Some Associate Ministers get drunk and badmouth Samoa Airways.
The allegation was made by the Member of Parliament for Gagagifomauga No. 3, La’aulialemalietoa Leuatea Schmidt, in Parliament when he addressed the 2018/2019 Budget. He did not name anyone in particular.
But the claim was made when Laauli was encouraging the Minister of Samoa Airways, Lautafi Fio Purcell, when he turned his attention to Associate Ministers.
“My only disappointment is that there are some Associate Ministers who are badmouthing the airline,” he said.
“There are Associate Ministers who get drunk and talk negatively about the airline, saying it’s not going to work. That’s where the leak is. My advice to these people is to stop it.”
La’auli’s claim was immediately disputed.
“These are unfounded allegations,” one Associate Minister told Parliament. “He should tell us who the Associate Minister is.”
The Associate Minister of the Ministry of Prime Minister, Peseta Vaifou Tevaga, agreed.
“I remember I was on a trip two months ago with Laauli on Samoa Airways, I envied him because he sat at business class, but I sat at the back,” Peseta said.
“So I don’t understand if it is me whom he is referring to. Also I don’t know about my fellow associate Ministers if they drink alcohol …. so it would be better for him to tell us who the Associate Minister is because there are many of us.”
Peseta was supported by the Associate Minister of Works and Member of Parliament for Sagaga le Usoga, Seiuli Ueligitone. He said the allegation is serious and he demanded to know who the Associate Minister was.
Aiga i le Tai’s Member of Parliament asked for the general statements to be removed.
“Tell us exactly who it is. Just say Peseta’s name if it’s him,” he said.
But Salega East’s M.P., Olo Fiti Vaai, saw the humour in the debate.
“I just want to make a small point,” he said. “This means the Ministers are not working with the Associate Minsters. It means the Associate Ministers are betraying their Ministers… no wonder the Ministers don’t give them more responsibilities.”
At that point, Prime Minister Tuilaepa Sa’ilele Malielegaoi, joined the conversation.
“I honestly thought my Associate Minister would not take the floor,” he said referring to Peseta, “because it could easily be interpreted as these guys dragging their fight in here, because they are still fighting.”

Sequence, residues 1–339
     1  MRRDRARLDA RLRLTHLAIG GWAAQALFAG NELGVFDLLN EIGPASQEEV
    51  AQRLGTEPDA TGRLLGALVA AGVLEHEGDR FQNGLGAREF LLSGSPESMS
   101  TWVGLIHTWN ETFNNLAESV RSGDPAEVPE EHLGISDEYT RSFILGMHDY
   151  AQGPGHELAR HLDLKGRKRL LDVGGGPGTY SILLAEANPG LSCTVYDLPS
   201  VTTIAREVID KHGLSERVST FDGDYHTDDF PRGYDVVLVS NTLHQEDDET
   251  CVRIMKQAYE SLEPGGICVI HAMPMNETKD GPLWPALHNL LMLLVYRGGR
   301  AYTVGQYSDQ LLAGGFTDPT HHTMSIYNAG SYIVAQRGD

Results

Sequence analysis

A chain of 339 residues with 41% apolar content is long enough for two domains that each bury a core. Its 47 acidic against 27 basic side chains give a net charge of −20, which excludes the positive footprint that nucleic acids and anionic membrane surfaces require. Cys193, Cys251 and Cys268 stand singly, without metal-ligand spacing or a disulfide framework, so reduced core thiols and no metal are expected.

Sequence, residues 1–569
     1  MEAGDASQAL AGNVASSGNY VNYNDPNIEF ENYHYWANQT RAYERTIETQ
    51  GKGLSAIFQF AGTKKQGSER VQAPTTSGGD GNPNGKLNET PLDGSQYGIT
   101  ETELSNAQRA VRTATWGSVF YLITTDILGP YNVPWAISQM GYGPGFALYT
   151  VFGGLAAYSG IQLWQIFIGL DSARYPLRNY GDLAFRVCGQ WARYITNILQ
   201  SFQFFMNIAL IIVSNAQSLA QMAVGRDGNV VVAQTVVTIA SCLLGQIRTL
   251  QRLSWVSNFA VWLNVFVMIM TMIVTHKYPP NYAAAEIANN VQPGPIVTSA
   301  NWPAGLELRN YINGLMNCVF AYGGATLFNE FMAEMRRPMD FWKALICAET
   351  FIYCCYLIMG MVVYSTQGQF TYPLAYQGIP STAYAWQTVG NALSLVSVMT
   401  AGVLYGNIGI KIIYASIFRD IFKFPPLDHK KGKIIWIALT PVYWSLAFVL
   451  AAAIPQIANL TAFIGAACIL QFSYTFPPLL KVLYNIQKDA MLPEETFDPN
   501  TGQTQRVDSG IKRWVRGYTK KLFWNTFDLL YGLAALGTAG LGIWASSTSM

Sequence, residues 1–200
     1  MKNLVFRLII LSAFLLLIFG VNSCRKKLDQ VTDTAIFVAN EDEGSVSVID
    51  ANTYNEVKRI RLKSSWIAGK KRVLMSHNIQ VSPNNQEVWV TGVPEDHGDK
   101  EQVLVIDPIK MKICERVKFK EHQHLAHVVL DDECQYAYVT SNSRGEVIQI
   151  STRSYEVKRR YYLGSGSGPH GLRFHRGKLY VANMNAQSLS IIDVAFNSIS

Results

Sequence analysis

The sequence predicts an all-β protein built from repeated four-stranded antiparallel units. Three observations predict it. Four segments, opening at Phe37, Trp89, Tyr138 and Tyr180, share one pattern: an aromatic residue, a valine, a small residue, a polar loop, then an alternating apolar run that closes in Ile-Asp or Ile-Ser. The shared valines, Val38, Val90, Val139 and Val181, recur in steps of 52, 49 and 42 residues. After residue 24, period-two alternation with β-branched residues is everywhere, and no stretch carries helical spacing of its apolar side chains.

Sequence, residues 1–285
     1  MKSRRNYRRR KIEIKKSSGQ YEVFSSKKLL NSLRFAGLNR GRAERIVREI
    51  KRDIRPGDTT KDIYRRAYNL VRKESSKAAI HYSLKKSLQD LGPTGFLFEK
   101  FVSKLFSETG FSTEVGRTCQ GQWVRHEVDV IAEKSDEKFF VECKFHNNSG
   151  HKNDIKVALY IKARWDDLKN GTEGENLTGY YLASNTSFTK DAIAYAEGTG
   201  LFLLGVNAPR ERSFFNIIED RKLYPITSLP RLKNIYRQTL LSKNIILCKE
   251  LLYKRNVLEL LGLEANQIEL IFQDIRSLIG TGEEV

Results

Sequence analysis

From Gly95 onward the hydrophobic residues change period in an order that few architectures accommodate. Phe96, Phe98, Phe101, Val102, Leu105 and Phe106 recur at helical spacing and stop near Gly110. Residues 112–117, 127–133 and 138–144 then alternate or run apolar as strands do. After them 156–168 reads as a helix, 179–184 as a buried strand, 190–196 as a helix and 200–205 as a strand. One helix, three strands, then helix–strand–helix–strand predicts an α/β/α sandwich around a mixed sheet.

Tuilaepa was referring to a longstanding Court battle between Laauli and Peseta over a business venture that has since turned sour.
“But maybe Laauli is right,” Tuilaepa continued, “Laauli come and tell me who it is.”
When La’auli returned to the floor, he issued a general apology to the Associate Ministers.
“But you should be observant and listen to my choice of words. I said there are some Associate Minsters. The person knows himself. I don’t have to say it. He knows it.”
Turning his attention to Peseta, Laauli said: “To my brother Peseta, don’t worry, I can never do anything bad to you. I will never badmouth you, I never do that. But let’s continue to meet (at Court) where you wanted us to go in the first place.”
Fa’asaleleaga No. 2 M.P. Pau Sefo Pau, could not help himself.
“Mr. Speaker, I was part of the trip the Associate Minister is talking about. I can confirm that the M.P. (La’auli) sat at the front while Peseta sat the back. I was in the middle.”
In reference to Laauli and Peseta’s Court battle, Pau said: “This is why I took a law course…perhaps I’ll be the one doing their cases from now on so they don’t waste any more money on lawyers from overseas.”
La’auli responded that people support the airline in different ways.
“Pau and Peseta paid for economy tickets. As for me, even though business class was expensive, that is my support. It was money from my own pocket. I paid my first class to travel to support Lautafi and his airline. That’s the difference between commitments.”
Peseta said La’auli has “more money than me.”
“Pau is correct, we all travelled together. I thought that since Pa’u runs a business he could afford the business class but it was only La’auli who could afford those fares between two and three thousand tala.
“Thank you Laauli that you can afford those expensive fares.”
Minster Lautafi objected to make a correction.
He said the airfares are nowhere near the amounts quoted by the Members of Parliament.
“We are now flying for $400 one way, it’s nowhere near $3000. The business class we have now is the same fare we had when we were flying economy class with Virgin and Air New Zealand.”
As for Associate Ministers badmouthing the airline, Lautafi challenged the Cabinet Ministers to let the Associate Ministers fly business class.
“When I travel with my Associate Minister, I pay his fare to travel business class so that he wont criticise our airline.”
Prior to that, Laauli had congratulated Minister Lautafi for a job well done with the Airline.
“Don’t give up on encouraging our people, everywhere every time you have the opportunity, encourage them to fly Samoa Airways. With the different churches, there are ten different conferences held in Samoa every year. They come from all over the world.
“If our people support our airline, before the end of the year you will already have three or four more aircrafts.”